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Parse::RecDescent - specifying dynamic subrule repetition

by leahymr (Initiate)
on Feb 18, 2013 at 21:28 UTC ( #1019403=perlquestion: print w/ replies, xml ) Need Help??
leahymr has asked for the wisdom of the Perl Monks concerning the following question:

Dear Monks, I beg your wisdom...

I am trying to parse a string for which I need to consume dynamically determined number of characters. Can P:RD be persuaded to do that?

Here is a simple example string:
s:5:"abcde"; -- the '5' is the number of characters in the string

Here's the hard part:
s:18:"s:10:"abcdefghij";"; -- the string can store other strings, so I can't just search for ";

I know that subrules can have repetition counts, but I can't get something like
String: 's: ' Count '"' Cdata($item{Count}) '";' to work

Here's the simplified grammar. Is there a way I can consume the number of characters specified by $item{Count}?

my $grammar = q{ CompText: Command(s) Command: String | Integer Array: 'a:' <commit> Count ':{' Command(s) '}' { $return = "a:$item{Count}:{" . join( '', @{$item[-2]}) . "}" } String: 's:' Count ':"' Array '";' { $return = "s:$item{Count}:\"" . join( '', @{$item{Array}}) . + "\";" } | 's:' Count ':"' Cdata_String '";' { $return = "s:$item{Count}:\"" . join( '', @{$item[-2]}) . "\ +";" } Cdata_String: Cdata(s?) Count: /\d+/ Cdata: /./ };

Thank you,
--Michael

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Re: Parse::RecDescent - specifying dynamic subrule repetition
by sundialsvc4 (Monsignor) on Feb 19, 2013 at 00:20 UTC

    It would superficially appear to me that this might not be a good application of this tool.   The base-structure of this string appears to be that it consists of s:integer:string, and this, to my way of thinking, is not the sort of request that is well-suited to, nor that particularly needs, the services of a parser.   In what context do strings of this nature appear in your input data?   Please tell us more about the surrounding context of your problem.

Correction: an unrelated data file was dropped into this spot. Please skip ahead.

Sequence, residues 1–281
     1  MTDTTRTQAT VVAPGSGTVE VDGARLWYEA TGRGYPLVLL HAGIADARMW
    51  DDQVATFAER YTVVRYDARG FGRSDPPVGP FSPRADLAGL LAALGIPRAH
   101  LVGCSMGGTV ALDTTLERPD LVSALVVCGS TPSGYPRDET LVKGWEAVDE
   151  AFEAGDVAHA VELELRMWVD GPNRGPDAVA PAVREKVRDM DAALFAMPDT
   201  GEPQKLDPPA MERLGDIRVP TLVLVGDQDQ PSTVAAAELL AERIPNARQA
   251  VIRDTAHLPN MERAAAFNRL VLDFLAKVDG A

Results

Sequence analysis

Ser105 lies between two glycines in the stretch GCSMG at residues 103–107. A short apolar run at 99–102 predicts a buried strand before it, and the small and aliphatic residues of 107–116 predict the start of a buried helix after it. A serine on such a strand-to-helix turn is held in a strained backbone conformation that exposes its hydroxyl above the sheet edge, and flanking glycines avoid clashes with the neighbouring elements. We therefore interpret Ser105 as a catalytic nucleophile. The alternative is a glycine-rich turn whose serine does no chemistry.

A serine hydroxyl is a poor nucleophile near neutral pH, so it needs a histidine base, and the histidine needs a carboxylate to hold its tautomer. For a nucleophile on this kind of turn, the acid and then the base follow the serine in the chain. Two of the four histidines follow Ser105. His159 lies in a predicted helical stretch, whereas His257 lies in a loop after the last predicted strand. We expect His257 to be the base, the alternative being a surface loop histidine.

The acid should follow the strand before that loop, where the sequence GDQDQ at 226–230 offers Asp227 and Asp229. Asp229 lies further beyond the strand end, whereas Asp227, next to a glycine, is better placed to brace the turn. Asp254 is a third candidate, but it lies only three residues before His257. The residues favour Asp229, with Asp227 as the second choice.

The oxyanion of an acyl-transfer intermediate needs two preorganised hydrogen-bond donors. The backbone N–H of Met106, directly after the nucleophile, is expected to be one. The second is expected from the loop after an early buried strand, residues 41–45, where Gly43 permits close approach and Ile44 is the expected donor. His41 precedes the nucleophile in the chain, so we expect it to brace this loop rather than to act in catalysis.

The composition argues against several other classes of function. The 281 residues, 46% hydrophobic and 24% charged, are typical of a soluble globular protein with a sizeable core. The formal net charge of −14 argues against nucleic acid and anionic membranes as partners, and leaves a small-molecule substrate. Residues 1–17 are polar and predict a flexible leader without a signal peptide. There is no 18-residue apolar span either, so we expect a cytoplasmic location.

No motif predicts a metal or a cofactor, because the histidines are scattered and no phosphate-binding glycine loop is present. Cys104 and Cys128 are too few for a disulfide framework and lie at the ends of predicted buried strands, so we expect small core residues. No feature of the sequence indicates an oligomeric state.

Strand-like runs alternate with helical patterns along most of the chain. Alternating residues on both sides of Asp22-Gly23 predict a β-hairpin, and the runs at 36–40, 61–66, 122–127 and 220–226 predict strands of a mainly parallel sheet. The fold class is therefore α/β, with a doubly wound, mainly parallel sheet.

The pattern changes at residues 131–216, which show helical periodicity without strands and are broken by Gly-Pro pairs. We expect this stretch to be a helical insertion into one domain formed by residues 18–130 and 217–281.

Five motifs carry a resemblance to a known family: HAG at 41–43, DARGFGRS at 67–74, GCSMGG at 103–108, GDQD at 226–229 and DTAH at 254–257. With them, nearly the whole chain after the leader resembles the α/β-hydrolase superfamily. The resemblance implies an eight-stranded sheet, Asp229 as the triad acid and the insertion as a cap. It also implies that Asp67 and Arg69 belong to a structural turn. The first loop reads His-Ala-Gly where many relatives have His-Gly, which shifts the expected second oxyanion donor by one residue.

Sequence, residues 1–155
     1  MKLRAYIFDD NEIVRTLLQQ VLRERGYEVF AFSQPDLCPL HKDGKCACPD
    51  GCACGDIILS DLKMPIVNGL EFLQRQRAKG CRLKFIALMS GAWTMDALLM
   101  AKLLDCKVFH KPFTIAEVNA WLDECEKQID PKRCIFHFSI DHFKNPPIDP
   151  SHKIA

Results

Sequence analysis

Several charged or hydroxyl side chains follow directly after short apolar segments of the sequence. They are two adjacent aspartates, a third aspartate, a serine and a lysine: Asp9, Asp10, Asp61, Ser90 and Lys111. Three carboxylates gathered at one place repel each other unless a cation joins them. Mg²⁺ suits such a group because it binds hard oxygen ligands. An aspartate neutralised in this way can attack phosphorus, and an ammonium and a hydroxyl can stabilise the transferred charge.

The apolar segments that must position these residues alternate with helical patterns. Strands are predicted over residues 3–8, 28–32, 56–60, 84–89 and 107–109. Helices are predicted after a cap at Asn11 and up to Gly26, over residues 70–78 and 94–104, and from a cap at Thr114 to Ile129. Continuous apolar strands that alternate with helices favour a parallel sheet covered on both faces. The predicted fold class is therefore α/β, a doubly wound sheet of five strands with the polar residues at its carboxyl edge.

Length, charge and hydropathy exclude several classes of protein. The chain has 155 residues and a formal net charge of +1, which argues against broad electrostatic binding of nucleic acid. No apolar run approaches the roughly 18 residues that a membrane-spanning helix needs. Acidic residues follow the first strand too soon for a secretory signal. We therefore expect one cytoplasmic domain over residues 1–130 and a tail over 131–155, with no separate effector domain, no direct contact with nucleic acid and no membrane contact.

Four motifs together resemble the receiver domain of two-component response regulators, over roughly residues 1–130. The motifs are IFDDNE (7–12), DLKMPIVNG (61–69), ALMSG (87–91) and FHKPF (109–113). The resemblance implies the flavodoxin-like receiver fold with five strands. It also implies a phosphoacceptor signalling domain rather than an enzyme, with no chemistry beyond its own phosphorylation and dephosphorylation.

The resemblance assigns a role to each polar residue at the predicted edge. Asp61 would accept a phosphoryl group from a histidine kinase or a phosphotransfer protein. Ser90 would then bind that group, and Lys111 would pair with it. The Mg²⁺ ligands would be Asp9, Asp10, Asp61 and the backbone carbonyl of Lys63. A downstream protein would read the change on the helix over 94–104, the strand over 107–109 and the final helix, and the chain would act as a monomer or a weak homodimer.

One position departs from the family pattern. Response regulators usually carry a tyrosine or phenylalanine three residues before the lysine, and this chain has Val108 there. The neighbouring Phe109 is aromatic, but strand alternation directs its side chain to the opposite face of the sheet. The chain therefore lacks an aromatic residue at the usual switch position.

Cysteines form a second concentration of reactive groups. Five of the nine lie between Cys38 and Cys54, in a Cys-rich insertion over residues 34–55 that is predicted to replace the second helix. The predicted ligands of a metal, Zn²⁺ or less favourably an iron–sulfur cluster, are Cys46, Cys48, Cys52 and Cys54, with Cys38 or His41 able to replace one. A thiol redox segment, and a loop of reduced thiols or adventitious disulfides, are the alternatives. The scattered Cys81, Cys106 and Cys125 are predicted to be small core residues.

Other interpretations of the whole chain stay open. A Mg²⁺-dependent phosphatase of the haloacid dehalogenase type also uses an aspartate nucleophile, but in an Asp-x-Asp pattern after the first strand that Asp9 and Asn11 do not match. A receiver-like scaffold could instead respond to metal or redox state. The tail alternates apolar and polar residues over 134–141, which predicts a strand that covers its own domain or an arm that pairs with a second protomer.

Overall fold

Re: Parse::RecDescent - specifying dynamic subrule repetition
by 7stud (Deacon) on Feb 19, 2013 at 01:26 UTC
    Here is a simple example string:
    s:5:"abcde" -- the '5' is the number of characters in the string

    Here's the hard part:
    s:18:"s:10:"abcdefghij";"; -- the string can store other strings, so I can't just search for ";

    You mean like you can in the first string? Great examples!

Re: Parse::RecDescent - specifying dynamic subrule repetition
by Yary (Scribe) on Feb 19, 2013 at 04:14 UTC
    Like the other people answering, I'm also wondering "how about reaching for unpack, or substr?" Is this part of a larger grammar?

    Perhaps you want to parse string-within-a-string into a nested data structure, which would justify a parser. If that's the case, the String rule should have a recursive alternate. If you just want the outer string, copying literally any inner string without interpretation, then you need a dynamic rule that uses $item{Count} to eat exactly that many characters.

Re: Parse::RecDescent - specifying dynamic subrule repetition
by 7stud (Deacon) on Feb 19, 2013 at 04:20 UTC
    I know that subrules can have repetition counts, but I can't get something like
    
    String: 's: ' Count '"' Cdata($item{Count}) '";' to work
    

    I'm a mere beginner with P:RD, but previously I have found the lack of backreferences to be very frustrating. Rule names are not double quote-ish things, so variables are not interpolated into rule names. But literal strings or regexes in your rules are double quote-ish things, so variables are interpolated into them. You can use that fact to create a backreference:

    use strict; use warnings; use 5.012; use Parse::RecDescent; $::RD_ERRORS = 1; #Parser dies when it encounters an error $::RD_WARN = 1; #Enable warnings - warn on unused rules &c. $::RD_HINT = 1; #Give out hints to help fix problems. #$::RD_TRACE = 1; #Trace parsers' behaviour my $text = <<'END_OF_TEXT'; 5:abcdefghi END_OF_TEXT my $grammar = <<'END_OF_GRAMMAR'; { use 5.012; use Data::Dumper; my $count_match; #****DECLARE A VARIABLE**** } line: section(s /:/) section: count { $count_match = $item{count} } #**SET THE VARIABLE** | word {say Dumper(\@item)} count: m{ \d+ }xms word: m| .{$count_match} |xms #***INTERPOLATE THE VARIABLE*** END_OF_GRAMMAR my $parser = Parse::RecDescent->new($grammar) or die "Bad grammar!\n"; defined $parser->line($text) or die "Can't match text"; --output:-- $VAR1 = [ 'section', 'abcde' ];

    However, your grammar needs to employ recursion in order to match your more complicated strings, i.e patterns within a pattern. And recursion is very hard. The only way I know how to do recursion in a programming language whose syntax is not specifically designed for recursion, i.e. perl, is by trial and error (thousands of times) until I get it right.

    If you are just beginning with P::RD, here are some tips I wrote up: http://www.perlmonks.org/index.pl?node_id=1015944

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